A road trip, a change of scene, some heavy rain, bursts of sunshine and a batch swap with friends who have impeccable taste... all so good for the soul.

Wednesday, September 15, 2010

onwards and upwards

It's been ten days post quake and finally the nervous system, blood pressure, heart rate and anxiety levels have subsided. There is still the odd aftershock felt, as other fault lines readjust to new pockets of pressure. Some are big enough to act as a cautious reminder, a fearsome phasing out, but many of them pass undetected, unless like some you are hooked up to GeoNet or hanging off some iphone quake app.

We have moved out of our marae style sleeping arrangement in the lounge room and are back in our bedrooms. The kids have 100 year old brick fire places in theirs which was cause of concern, but by and large life in our wee corner seems back on track. The safe area of our house has been decluttered, the car is at the panel beaters, the buckets of broken crockery await the inspection of the insurance man and nicknacks have been blue tacked back in place.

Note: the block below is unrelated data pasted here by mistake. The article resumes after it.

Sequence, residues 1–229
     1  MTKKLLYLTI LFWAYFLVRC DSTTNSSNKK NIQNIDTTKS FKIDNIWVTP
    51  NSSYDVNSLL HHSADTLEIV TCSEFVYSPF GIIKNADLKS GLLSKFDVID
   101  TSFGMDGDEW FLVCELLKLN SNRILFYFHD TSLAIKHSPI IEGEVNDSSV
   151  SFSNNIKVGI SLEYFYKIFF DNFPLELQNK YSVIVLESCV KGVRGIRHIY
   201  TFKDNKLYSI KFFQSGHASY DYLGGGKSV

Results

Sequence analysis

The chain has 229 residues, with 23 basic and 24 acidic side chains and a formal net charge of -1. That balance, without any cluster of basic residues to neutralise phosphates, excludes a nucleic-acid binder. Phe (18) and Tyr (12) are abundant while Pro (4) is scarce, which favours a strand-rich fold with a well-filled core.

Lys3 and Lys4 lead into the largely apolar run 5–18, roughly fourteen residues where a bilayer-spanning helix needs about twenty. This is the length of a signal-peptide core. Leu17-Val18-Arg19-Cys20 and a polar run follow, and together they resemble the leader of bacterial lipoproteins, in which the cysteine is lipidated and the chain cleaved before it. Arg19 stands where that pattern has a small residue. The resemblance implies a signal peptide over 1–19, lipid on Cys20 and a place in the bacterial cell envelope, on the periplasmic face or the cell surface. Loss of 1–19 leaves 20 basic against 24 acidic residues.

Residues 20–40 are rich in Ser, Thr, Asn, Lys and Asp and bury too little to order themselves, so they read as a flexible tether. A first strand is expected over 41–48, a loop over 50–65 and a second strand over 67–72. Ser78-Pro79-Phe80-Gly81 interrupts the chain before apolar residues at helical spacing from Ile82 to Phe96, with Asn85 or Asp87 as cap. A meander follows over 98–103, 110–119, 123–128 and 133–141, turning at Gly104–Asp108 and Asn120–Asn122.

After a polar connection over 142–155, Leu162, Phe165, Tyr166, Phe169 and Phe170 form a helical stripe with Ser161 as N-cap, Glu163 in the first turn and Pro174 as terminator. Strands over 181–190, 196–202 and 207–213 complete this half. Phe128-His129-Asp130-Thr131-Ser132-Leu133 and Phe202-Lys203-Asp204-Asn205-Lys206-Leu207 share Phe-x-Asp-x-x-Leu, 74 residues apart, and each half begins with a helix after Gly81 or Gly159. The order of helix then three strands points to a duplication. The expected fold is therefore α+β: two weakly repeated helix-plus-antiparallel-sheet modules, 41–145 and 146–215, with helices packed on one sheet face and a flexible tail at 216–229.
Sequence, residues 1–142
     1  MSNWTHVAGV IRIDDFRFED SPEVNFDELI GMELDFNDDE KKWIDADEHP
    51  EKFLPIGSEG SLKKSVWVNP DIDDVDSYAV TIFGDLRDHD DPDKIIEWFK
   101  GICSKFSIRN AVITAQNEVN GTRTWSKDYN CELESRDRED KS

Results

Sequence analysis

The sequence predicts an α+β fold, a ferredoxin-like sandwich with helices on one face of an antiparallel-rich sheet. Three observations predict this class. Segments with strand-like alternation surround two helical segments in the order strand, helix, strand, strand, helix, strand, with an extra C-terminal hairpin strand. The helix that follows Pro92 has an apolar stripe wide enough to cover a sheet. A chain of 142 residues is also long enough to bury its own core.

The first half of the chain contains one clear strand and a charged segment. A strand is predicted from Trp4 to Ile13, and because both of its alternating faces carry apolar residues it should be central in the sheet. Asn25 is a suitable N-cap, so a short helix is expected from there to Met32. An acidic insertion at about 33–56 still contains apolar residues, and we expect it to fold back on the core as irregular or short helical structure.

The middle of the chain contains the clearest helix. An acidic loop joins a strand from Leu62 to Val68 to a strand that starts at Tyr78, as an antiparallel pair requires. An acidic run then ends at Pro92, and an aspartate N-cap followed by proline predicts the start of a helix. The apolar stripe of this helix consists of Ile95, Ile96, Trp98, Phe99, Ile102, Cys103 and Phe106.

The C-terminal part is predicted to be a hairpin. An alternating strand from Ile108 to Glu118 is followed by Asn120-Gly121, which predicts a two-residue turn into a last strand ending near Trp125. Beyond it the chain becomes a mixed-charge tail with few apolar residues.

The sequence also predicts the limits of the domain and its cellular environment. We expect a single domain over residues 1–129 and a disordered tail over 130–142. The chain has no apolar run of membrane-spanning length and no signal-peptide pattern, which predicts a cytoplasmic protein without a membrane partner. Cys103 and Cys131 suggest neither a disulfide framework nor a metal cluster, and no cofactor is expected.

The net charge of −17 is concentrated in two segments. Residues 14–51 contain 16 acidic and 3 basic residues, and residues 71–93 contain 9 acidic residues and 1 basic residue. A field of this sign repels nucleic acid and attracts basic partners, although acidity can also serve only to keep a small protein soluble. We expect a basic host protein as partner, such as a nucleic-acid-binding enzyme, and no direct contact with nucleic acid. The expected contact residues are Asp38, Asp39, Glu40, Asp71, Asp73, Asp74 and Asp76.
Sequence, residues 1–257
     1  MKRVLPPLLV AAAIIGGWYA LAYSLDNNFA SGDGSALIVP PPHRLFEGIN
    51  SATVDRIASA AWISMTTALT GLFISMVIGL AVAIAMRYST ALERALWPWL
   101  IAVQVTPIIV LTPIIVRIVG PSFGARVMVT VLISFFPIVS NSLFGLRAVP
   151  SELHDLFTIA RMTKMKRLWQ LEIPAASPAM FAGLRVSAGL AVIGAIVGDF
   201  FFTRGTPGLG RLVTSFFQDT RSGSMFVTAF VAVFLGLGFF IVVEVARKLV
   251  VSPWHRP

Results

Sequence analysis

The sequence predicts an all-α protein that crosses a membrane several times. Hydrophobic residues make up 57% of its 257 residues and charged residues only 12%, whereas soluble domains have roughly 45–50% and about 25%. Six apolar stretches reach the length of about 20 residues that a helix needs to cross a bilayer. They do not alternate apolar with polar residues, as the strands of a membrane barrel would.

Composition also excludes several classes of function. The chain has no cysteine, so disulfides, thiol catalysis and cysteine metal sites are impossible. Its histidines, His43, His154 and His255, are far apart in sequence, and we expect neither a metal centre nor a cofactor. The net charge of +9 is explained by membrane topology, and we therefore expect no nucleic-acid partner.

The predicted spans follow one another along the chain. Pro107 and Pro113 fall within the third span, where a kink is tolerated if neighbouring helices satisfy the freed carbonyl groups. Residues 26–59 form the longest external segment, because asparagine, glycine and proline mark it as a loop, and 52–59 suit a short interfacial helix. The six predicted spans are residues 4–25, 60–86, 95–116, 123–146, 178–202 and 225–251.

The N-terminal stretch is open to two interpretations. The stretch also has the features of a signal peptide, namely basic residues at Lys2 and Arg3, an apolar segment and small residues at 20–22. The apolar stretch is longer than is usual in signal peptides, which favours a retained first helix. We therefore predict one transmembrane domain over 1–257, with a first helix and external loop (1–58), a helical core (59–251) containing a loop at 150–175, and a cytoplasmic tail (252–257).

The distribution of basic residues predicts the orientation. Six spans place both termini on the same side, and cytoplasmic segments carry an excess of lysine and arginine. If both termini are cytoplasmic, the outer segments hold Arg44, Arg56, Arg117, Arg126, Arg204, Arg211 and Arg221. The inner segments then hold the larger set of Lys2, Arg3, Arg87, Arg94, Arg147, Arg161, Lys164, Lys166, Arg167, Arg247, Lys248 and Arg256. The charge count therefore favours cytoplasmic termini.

There is however, a lot of red tape around town and with it an airy feeling that things in the inner city won't be the same for quite some time. Many of the buildings destined for a date with the wrecking ball are still standing, and others are gone like gaps in a gaping mouth where teeth used to be.

Hopefully there will be sufficient debate and discussion to ensure Christchurch is rebuilt right, with thoughtful design that is pleasing to the people of the city. The last thing we need, is to live with quick fix plasticky knocks ups reminiscent of say... Blenheim ...sorry Blenheim!

Anyway, part of what aided and soothed my senses was the doll making classes I have been attending for the last few weeks.
Isn't she a welcomed distraction!
The dolls are in the tradition of the warldorf steiner dolls. Though I am told by our guru doll maker Mayjan, this tradition of hand made cloth dolls goes as far back as the ancient Egyptians.

Marjan (from Spindlewood...the coolest kids toy shop in town) has been making dolls like these for the last 20 years. She has a great eye for bringing out the character of each doll and magically deft hands.

The dolls are made entirely from natural materials: wool and cotton which stimulates the sensory motor skills and feels human and warm to the touch. I held a life sized new born doll Mayjan had been working on and I found myself trying to wind the baby over my shoulder and feeling rather clucky!